Advertisement

IOC: No blanket ban on Russia in Rio Summer Olympics

By
Allen Cone
Olympic team members from Russia march in Olympic Stadium during the Opening Ceremony at the London 2012 Summer Olympics. The International Olympic Committee is leaving it up to each sports federation whether Russian athletes can participate in the Olympics next month in Rio. File photo by Terry Schmitt/UPI
Olympic team members from Russia march in Olympic Stadium during the Opening Ceremony at the London 2012 Summer Olympics. The International Olympic Committee is leaving it up to each sports federation whether Russian athletes can participate in the Olympics next month in Rio. File photo by Terry Schmitt/UPI | License Photo

LAUSANNE, Switzerland, July 24 (UPI) -- The International Olympic Committee is leaving it up to individual athletics-governing federations to decide if Russian competitors should be allowed to participate in next month's Summer Olympics in Rio de Janeiro, Brazil.

Competitors who want to take part in the games in Rio must meet strict criteria "to the full satisfaction of his of her international federation" they are drug-free, the IOC said in a release The IOC said "the absence of a positive national anti-doping test cannot be considered sufficient by the IFs."

Advertisement

The 28 sports federations are required to "carry out an individual analysis of each athlete's anti-doping record, taking into account only reliable adequate international tests, and the specificities of the athlete's sport and its rules, in order to ensure a level playing field."

All Russian athletes who have been banned for doping are not eligible to compete in the summer games, which run Aug. 5 through Aug. 21, the IOC executive board decided in a teleconference Sunday.

RELATED 10 arrested in Brazil Olympics terror plot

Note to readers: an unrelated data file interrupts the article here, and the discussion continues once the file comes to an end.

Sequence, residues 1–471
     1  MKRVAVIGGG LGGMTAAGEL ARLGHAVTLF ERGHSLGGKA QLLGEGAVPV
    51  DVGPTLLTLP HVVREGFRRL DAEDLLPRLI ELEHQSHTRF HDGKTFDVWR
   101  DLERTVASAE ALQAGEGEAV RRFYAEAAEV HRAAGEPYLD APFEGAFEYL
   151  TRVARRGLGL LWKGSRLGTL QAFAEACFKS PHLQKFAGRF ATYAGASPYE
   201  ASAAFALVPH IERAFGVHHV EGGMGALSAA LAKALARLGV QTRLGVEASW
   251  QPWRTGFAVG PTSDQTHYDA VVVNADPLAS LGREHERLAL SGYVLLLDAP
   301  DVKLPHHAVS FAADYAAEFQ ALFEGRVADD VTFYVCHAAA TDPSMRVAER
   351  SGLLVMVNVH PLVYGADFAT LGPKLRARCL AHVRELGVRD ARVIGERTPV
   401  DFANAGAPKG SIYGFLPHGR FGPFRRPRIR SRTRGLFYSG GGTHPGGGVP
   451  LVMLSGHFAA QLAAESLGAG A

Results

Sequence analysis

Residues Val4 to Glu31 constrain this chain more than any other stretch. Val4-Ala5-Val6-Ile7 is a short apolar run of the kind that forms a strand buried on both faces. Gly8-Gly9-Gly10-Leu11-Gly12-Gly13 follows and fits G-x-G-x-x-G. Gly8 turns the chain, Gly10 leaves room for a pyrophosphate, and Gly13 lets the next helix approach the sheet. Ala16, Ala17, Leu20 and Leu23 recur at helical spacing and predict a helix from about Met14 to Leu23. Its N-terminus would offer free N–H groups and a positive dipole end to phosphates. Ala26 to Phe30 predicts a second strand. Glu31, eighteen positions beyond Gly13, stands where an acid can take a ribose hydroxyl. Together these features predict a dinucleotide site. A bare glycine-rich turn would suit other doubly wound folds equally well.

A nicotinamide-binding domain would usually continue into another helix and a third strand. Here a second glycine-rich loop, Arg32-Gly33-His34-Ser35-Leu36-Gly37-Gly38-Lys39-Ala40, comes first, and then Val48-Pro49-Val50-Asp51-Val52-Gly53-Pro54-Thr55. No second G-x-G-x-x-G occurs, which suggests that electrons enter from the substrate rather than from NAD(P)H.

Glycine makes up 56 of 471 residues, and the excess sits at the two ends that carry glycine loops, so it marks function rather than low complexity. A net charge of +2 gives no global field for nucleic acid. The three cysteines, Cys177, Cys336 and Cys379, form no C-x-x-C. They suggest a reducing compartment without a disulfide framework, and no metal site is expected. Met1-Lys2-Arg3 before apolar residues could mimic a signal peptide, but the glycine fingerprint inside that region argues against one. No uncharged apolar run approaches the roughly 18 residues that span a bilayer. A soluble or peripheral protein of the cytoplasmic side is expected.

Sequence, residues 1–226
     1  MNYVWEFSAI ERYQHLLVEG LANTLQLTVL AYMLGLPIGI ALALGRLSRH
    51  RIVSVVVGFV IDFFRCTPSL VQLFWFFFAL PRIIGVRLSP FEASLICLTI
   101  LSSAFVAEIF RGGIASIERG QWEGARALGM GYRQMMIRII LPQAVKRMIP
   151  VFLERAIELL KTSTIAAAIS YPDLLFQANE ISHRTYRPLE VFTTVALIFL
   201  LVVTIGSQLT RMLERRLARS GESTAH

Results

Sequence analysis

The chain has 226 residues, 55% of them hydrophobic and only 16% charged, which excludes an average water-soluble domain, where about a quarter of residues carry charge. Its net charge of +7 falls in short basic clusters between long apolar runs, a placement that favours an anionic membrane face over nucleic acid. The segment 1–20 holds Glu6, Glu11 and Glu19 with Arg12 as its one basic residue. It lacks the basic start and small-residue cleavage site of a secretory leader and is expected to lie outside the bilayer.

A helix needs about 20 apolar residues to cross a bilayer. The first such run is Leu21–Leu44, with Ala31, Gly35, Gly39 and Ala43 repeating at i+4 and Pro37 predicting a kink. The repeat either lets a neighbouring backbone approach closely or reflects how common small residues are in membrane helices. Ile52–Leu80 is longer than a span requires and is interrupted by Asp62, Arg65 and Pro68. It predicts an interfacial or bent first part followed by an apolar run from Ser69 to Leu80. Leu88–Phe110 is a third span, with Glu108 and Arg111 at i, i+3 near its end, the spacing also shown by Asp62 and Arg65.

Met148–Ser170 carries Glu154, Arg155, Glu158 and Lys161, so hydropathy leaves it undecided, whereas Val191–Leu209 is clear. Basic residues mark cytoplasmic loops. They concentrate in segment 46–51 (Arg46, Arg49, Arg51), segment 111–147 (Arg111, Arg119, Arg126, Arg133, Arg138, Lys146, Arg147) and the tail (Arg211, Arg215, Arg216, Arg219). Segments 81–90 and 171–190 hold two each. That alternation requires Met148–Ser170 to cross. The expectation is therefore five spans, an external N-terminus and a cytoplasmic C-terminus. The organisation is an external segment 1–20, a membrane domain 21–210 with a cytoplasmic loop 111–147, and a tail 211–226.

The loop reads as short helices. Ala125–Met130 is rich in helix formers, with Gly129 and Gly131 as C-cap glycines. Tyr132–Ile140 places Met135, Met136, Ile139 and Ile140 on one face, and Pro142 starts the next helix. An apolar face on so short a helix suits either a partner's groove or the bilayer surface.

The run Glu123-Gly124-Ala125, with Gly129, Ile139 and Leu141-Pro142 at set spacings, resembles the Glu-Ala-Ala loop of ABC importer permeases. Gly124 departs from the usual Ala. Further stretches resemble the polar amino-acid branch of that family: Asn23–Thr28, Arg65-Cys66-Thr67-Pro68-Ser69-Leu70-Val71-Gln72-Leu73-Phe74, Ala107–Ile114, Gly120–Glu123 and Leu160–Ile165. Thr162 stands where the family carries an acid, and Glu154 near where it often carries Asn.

The IOC was "guided by a fundamental rule of the Olympic Charter to protect clean athletes and the integrity of sport," according to an IOC release.

Advertisement

"We have set the bar to the limit by establishing a number of very strict criteria which every Russian athlete will have to fulfill if he or she wants to participate in the Olympic Games Rio 2016,'' IOC president Thomas Bach told the media. "I think in this way, we have balanced on the one hand, the desire and need for collective responsibility versus the right to individual justice of every individual athlete."

The decision was based in part on a report from the World Anti-Doping Agency, by Dr. Richard McLaren, that accused the Russian government of operating a doping program during the 2014 Sochi Winter Olympic Games. The report found Russian security services tampered with and altered sealed urine samples. It was carried out under the direction of the country's sports authorities to cover up doping.

RELATED Bubba Watson leads seven-person U.S. Olympic golf team

McLaren's investigation found state-backed doping had involved 28 summer and winter sports from 2011 to 2015.

Last week, Russia's track team was denied participation in the Olympics after it lost an appeal against a ban with the Court of Arbitration for Sport.

RELATED Rio official: Golfers withdrawing because lack of prize money

Latest Headlines